Senator Kirsten Gillibrand, (D-NY), appears to be angling for higher office, and knows as well as anyone else which way the wind is blowing in the Democratic Party. Thus she cast the most “no” votes against Trump’s Cabinet nominees of any senator and is now using the kind of rough-hewn language that will endear here to the most hard-line leftists in the party.

Thus, in a profile of her in New York Magazine, Gillbrand, speaking of the Family Act, her big paid-family-leave bill, blustered, “We’re here to help people, and if we’re not helping people, we should go the fuck home.”

That gentle rhetoric is, in all likelihood, an attempt to outflank Senator Elizabeth Warren and Hillary Clinton if they should decide to pursue the Democratic presidential nomination in 2020. As New York Magazine noted, “Warren’s constituents were so furious after she voted for HUD Secretary Ben Carson that she was forced to explain herself on Facebook.”

In late February, speaking to the Bridge Street AME Church in the Bedford-Stuyvesant area of New York, Gillibrand bloviated, “Each elected leader has been placed in that position of authority for a time such as this … We are the ones who have to fight against the hateful words that come from the highest places, from the places of power in Washington.” She urged the congregation to “put on the full armor of God, so that on the day evil comes, today, you’ll be able to stand your ground … That is what we are called to do!”

So now Trump and his administration are “evil.” Nice.

Gillibrand referenced Philippians, shouting “We are the ones that God placed here at a time such as this to fight!”

Gillibrand hyperventilated:

I’ve certainly never lived through an era like this. I’ve never lived through a moment in history where people are using their voices and becoming strong advocates for what they believe in … The grassroots are doing this. I mean, nobody told them to do it. Nobody told women to march. Nobody told people to run to JFK after the immigration ban. The message isn’t coming from Washington; that’s the crux. The message is coming from regular people, and no one is telling them what to do.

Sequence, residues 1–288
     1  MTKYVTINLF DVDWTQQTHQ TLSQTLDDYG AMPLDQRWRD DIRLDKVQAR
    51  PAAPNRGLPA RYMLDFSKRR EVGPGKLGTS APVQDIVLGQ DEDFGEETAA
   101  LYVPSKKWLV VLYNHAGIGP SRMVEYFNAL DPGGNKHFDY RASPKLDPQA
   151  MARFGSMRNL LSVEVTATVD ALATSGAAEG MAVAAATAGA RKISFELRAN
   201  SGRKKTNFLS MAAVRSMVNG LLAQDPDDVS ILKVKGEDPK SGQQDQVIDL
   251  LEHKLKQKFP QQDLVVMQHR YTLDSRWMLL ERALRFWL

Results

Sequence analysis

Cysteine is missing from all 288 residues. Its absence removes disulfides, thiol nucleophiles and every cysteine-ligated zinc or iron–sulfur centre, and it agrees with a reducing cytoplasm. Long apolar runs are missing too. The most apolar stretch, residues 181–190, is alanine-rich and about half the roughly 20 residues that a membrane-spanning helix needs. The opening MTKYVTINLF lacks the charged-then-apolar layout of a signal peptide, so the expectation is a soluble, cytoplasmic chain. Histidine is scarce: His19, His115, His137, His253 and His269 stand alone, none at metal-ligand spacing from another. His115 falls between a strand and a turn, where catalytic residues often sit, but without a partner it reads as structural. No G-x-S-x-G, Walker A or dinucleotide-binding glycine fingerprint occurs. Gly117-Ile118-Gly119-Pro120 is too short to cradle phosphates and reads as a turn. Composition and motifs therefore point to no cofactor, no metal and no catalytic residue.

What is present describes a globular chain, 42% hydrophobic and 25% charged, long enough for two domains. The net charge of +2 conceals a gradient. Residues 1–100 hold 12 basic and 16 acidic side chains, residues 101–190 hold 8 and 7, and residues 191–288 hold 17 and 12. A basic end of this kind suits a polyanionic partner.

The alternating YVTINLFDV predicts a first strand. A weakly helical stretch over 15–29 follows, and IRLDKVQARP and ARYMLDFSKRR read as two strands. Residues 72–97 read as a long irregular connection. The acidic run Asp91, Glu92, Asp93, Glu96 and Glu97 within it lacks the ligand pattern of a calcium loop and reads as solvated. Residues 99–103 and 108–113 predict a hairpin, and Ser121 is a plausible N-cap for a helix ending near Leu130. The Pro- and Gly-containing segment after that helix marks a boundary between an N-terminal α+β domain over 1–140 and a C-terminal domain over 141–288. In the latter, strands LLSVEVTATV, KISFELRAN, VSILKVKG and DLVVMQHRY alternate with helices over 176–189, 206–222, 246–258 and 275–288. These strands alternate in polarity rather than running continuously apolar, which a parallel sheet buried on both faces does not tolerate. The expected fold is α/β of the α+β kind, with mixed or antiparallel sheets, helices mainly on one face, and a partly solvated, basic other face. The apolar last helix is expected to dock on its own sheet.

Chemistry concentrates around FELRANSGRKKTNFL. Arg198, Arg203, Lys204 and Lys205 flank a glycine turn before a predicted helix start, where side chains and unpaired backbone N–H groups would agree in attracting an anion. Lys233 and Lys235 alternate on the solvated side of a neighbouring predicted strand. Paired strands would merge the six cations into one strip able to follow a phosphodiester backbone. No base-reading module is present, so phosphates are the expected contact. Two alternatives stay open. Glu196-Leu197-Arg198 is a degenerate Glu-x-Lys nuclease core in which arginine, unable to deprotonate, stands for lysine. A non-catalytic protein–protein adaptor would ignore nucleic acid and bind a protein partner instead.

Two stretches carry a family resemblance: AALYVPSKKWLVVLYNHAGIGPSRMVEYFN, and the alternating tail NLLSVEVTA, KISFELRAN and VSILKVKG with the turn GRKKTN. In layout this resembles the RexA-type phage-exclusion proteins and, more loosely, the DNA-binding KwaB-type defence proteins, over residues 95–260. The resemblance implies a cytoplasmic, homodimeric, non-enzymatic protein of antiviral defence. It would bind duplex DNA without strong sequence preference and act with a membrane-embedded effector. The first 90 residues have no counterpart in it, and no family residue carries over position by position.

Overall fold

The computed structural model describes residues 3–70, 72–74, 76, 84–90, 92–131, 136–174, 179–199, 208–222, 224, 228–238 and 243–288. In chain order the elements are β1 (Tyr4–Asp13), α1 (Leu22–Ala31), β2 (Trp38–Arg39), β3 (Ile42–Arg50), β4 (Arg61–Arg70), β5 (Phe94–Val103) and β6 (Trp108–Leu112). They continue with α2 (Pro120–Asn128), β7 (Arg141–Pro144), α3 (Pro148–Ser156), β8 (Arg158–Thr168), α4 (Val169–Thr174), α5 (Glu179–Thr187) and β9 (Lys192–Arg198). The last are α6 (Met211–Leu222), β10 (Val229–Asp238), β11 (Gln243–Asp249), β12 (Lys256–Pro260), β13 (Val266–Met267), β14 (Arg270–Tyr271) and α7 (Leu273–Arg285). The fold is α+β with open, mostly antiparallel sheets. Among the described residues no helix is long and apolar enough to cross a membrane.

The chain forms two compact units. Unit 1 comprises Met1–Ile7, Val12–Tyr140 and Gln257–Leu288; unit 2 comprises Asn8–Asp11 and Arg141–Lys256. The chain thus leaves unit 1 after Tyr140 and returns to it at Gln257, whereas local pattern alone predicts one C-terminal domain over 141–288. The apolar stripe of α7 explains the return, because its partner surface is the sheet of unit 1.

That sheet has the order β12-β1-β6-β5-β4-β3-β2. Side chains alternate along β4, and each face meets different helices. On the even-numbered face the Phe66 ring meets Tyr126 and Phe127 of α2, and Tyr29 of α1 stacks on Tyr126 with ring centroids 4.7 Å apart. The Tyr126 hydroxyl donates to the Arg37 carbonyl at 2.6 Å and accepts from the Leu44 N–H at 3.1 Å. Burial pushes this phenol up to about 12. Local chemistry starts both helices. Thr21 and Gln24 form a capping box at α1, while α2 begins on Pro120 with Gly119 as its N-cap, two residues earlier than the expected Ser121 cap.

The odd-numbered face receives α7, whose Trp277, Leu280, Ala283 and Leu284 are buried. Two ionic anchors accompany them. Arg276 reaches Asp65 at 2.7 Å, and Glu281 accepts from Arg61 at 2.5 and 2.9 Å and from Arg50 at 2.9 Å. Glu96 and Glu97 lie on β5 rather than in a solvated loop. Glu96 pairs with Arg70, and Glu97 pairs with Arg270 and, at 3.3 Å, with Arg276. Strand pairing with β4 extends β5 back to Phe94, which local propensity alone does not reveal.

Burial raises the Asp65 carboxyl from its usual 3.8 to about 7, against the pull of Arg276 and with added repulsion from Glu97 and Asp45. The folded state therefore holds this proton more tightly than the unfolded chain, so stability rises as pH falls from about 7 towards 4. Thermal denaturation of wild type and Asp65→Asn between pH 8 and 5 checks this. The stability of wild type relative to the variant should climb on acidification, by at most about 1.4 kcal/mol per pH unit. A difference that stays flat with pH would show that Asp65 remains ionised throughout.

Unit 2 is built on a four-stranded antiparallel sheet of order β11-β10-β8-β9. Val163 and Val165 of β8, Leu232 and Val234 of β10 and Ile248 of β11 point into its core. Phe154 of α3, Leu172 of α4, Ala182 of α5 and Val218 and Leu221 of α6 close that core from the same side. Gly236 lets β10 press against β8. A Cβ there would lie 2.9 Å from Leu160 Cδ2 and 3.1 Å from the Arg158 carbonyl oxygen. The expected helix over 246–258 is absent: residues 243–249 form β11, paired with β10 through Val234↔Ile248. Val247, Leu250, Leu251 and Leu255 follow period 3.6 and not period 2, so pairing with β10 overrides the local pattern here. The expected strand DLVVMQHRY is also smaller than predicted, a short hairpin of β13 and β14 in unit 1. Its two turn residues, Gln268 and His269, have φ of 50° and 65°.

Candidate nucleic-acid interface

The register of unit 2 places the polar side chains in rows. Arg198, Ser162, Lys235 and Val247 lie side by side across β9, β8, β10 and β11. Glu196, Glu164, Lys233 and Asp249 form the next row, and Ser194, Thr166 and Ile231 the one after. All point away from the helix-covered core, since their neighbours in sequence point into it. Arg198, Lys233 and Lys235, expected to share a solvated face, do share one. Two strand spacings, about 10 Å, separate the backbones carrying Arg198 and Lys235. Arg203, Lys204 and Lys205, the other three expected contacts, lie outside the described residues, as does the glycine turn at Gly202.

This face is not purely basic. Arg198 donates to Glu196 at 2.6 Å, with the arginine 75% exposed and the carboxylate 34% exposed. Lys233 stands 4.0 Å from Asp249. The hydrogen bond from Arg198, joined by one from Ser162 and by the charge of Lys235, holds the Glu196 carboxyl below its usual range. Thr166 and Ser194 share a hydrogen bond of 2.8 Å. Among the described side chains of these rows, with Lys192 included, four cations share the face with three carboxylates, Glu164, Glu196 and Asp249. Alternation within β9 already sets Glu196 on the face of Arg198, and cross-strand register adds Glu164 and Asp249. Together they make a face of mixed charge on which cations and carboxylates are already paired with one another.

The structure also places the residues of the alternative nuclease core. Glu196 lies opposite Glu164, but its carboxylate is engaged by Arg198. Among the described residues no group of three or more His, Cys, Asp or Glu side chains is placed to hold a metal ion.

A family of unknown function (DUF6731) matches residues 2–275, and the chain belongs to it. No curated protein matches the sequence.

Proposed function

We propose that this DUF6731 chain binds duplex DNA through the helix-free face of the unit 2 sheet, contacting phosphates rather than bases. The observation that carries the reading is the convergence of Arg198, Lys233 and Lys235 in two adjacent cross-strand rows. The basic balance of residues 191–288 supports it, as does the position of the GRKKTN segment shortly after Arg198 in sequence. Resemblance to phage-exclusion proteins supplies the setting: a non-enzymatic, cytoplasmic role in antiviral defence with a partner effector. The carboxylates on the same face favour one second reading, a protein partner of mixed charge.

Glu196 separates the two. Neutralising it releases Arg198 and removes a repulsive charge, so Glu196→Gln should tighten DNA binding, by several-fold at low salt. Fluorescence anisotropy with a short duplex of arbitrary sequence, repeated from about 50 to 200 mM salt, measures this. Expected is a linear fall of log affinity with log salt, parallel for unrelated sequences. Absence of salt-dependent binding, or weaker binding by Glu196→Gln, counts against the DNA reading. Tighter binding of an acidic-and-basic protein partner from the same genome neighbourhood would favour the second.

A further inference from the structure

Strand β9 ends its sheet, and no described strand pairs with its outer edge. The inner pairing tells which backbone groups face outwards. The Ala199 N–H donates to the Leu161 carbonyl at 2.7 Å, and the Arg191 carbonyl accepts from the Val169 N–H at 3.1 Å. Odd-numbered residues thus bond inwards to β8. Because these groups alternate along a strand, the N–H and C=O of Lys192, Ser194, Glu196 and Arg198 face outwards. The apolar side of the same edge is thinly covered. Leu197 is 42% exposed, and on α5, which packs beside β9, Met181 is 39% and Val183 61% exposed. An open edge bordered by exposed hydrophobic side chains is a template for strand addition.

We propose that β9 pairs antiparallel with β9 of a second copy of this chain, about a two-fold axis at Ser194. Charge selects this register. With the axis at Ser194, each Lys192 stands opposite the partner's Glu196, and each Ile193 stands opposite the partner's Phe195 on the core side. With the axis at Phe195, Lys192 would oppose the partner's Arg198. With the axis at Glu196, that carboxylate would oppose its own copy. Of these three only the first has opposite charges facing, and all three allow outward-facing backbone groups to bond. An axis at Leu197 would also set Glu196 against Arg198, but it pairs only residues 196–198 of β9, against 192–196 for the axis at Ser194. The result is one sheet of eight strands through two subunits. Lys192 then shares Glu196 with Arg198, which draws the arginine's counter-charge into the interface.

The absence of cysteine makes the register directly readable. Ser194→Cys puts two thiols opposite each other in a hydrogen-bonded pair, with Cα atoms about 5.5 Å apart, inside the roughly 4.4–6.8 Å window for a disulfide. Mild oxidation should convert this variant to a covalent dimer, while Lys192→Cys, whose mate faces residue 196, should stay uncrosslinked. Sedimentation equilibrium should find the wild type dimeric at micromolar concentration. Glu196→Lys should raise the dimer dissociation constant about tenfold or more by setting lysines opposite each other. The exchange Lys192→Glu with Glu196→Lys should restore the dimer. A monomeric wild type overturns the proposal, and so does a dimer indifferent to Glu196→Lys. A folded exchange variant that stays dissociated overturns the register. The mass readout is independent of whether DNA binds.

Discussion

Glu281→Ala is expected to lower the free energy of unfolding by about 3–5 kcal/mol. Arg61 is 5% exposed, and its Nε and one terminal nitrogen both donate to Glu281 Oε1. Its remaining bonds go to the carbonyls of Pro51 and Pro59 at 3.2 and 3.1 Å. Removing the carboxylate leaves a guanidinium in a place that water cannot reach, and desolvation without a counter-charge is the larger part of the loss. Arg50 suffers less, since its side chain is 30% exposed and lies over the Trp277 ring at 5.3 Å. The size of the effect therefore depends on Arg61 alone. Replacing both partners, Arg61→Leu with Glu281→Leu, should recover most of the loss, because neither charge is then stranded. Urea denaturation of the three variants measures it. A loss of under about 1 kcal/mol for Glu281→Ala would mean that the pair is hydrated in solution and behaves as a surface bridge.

Gillibrand will undoubtedly be hurt with the Left by the fact that she received more in donations from Goldman Sachs than any other Democratic incumbent for her 2012 race. But her efforts to bypass the military by fighting for the Military Justice Improvement Act, which would remove prosecutorial authority from the military chain of command, will delight the Left.

Gillibrand offered the classic Democratic position about her compassion, that “not enough people have enough empathy. They can’t put themselves in someone else’s shoes. If they’ve lived an affluent life, they can’t imagine how expensive day care is. They don’t know why paid leave is important. They just don’t see it.”

Gillibrand calls the Women’s March “the most inspiring moment of my life — because I believed five years ago that the women’s movement was dead.”

Asked whether she will run for president in 2020, Gillibrand evaded, “I am running for the Senate in 2018.” But she also said, “I am exceedingly sincere when I say this: People only defeat Trumpism if everyone uses their voices on whatever platform they have available to them.”